- Only active citizens who paid the equivalent of three days’ labour in taxes, voted for the municipal officials, those who did not earn that amount from wages were not allowed to vote and known as ‘passive’

- ‘active’ citizens also voted in the Primary Assemblies when national elections were held

- the positions you could apply for increased in prestige the more you earnt

- eg. to become a deputy in the Assembly you had to be able to pay the equivalent of 50 days labour in tax

- 61% of Frenchmen had the right to vote in some elections

- at a municipal level most peasants had the right to vote

- b4 1789 govt officials ran the provincial administration

- 1790 no govt officials at local level, elected councils replaced them

- councils in the towns were more effective – as it was made up of more literate and talented people

- in the villages they found it hard to fill the council with men who could read or write

- therefore rural communities carried about their duties badly

FINANCIAL REFORM

- new tax system could not be set up immediately

- most unpopular taxes were abolished

- the poor benefited

- burden of taxation fell on produces rather than the consumers

- fairer system

- were keeping with the Declaration of Rights – as all property and income taxed on the same basis

ECONOMIC REFORM

- deputies in the Constituent Assembly believed in Laissez-faire trade and industry free from any govt. interference

- the people wanted the price and distribution of all essential goods to be controlled

- *** for the first time there was a uniform system of weights and measures, the decimal system was applied to the whole of France

JUSTICE

- no longer different laws in the North and the South

- there were to be the same law courts throughout France

- ‘Lettres de cachet’ were made illegal by the Declaration of Rights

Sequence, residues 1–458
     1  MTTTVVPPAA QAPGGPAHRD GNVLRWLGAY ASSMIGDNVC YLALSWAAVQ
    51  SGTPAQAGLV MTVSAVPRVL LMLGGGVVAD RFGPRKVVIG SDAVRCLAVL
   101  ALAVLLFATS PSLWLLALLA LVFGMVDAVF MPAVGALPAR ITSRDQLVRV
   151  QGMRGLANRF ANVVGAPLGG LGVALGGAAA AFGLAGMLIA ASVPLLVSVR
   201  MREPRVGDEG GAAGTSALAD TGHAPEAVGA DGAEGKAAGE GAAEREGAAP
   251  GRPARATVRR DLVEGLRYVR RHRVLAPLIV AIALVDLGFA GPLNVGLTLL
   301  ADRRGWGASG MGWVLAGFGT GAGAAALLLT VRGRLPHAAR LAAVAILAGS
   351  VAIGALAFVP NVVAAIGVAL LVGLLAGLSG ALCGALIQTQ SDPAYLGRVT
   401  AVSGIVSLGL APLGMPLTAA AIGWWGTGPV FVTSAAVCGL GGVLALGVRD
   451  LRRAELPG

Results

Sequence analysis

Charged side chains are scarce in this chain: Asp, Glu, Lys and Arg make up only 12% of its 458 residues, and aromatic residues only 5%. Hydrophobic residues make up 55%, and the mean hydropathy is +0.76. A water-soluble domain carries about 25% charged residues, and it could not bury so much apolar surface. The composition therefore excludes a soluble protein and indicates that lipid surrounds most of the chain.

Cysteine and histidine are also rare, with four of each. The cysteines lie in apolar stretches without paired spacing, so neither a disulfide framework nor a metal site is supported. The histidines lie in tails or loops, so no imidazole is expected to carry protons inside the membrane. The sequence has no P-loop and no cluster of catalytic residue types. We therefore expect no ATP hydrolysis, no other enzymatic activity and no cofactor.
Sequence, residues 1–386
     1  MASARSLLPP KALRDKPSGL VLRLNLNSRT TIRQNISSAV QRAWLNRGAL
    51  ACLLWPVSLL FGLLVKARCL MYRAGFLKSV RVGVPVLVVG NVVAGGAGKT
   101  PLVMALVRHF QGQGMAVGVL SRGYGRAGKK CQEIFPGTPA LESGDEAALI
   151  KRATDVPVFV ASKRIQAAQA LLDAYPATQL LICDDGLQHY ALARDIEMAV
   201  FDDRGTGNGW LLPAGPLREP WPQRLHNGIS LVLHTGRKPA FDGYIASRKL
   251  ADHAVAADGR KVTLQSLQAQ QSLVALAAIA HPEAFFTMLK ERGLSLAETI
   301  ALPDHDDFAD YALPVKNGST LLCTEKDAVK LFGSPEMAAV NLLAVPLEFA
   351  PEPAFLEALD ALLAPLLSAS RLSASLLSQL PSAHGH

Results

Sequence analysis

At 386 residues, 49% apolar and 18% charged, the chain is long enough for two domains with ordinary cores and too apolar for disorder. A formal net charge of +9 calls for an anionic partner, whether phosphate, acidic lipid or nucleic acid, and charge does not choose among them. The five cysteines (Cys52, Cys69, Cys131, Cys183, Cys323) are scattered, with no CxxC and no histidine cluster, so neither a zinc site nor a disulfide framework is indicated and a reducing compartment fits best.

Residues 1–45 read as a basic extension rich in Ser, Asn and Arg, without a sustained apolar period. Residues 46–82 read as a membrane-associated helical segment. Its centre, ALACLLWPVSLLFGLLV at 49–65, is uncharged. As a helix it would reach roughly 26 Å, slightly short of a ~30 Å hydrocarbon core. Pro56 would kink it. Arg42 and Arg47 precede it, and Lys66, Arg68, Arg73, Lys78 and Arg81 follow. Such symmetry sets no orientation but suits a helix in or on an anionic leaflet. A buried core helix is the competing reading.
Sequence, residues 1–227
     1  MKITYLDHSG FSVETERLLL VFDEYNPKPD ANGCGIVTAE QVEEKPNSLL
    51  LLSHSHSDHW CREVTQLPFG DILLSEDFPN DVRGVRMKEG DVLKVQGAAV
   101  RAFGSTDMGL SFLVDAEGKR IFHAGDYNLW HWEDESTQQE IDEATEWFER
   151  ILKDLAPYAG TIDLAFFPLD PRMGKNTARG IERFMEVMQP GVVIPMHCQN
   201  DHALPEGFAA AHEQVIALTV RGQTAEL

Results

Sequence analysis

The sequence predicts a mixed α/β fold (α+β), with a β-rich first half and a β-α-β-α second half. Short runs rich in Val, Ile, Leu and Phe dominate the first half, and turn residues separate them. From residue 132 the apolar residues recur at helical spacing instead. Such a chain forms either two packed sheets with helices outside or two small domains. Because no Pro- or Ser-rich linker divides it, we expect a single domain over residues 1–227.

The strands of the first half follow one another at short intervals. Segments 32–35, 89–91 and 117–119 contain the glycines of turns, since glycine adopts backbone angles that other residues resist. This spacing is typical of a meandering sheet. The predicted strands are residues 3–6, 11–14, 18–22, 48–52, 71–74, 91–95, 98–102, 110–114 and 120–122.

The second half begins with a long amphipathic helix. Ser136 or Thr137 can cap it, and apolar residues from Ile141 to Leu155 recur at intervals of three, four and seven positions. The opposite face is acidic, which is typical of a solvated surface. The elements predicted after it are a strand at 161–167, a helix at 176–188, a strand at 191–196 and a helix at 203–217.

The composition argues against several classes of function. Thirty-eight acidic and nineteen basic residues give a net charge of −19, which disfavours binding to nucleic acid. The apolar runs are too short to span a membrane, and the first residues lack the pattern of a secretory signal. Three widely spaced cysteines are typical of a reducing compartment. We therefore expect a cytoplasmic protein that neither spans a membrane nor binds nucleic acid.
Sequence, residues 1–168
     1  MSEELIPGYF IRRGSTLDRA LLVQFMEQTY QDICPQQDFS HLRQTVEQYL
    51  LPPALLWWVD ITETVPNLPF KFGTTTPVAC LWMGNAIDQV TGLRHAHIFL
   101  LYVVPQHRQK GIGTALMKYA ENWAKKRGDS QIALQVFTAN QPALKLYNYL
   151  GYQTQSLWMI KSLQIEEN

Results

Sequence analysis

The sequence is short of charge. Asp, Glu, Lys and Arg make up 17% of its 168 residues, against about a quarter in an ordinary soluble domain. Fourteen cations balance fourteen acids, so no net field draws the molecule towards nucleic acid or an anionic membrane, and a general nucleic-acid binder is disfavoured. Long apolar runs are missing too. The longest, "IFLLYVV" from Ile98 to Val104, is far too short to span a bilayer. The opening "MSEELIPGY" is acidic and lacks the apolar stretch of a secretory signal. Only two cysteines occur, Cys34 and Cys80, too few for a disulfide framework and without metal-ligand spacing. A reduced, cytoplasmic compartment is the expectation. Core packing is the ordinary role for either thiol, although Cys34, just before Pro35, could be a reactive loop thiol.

- trials were held before a jury of 12 citizens, who would decide guilty or innocence

- the idea came from English law

- head of judicial system was the court of appeal

- torture and mutilation were abolished

- anyone arrested had to be brought before a court within 24 hours

- number or crimes for which death was the penalty was reduced (and in March 1792 the same speedy method of execution (the guillotine) was to be used for al condemned to death)

- ***FOR THE FIRST TIME JUSTICE WAS ACCESSIBLE, IMPARTIAL AND CHEAP AND THEREFORE POPULAR

- ” French system of justice had been one of the most backward, barbarous, and corrupt in Europe. In two years it became the most enlightened.” According Towson

RELIGION

- Constituent Assembly wanted to make sure the church was free from abuses, foreign control, democratic and linked to the new system of local government

- Unpopular decree in Dec. 1789 which gave civil rights to Protestants, and later extended to jews in September 1791

- August – the Assembly abolished the tithe, and also ended old corporate privileges of the Church – such as right to decide how much taxation it would pay

- Most clergy supported these measures

- Also accepted sale of the church lands, as would be paid more then they had under the ancien regime

- No serious conflict with the Church until the Civil Constitution of the Clergy in July 1790

- This adapted the organisation of the church to the administrative framework of local govt.

- The attempt to extend democracy to all aspects of govt. also expanded to the church

- Clergy no longer to be appointed but elected

- Most clergy opposed the principle of election, but majority were in favour of finding a way of accepting the Civil Constitution

- The Assembly decreed that in Nov. 1790 the clergy must take an oath to the Constitution

- This split the clergy

- When the Pope condemned the Civil Constitution, many who had taken the oath retracted

- There were now in effect two Catholic Churches in Frances, one the constitutional church accepted the Revolution, the other, a non-juring Church (non-jurors or refractories), approved by the Pope but regarded as patriots as against the revolution

- **** One major effect of this split was that the counter-revolution, the movement which sought to overturn the revolution, received mass support for the first time

- before it had been supported by only a few royalists and ?migr?s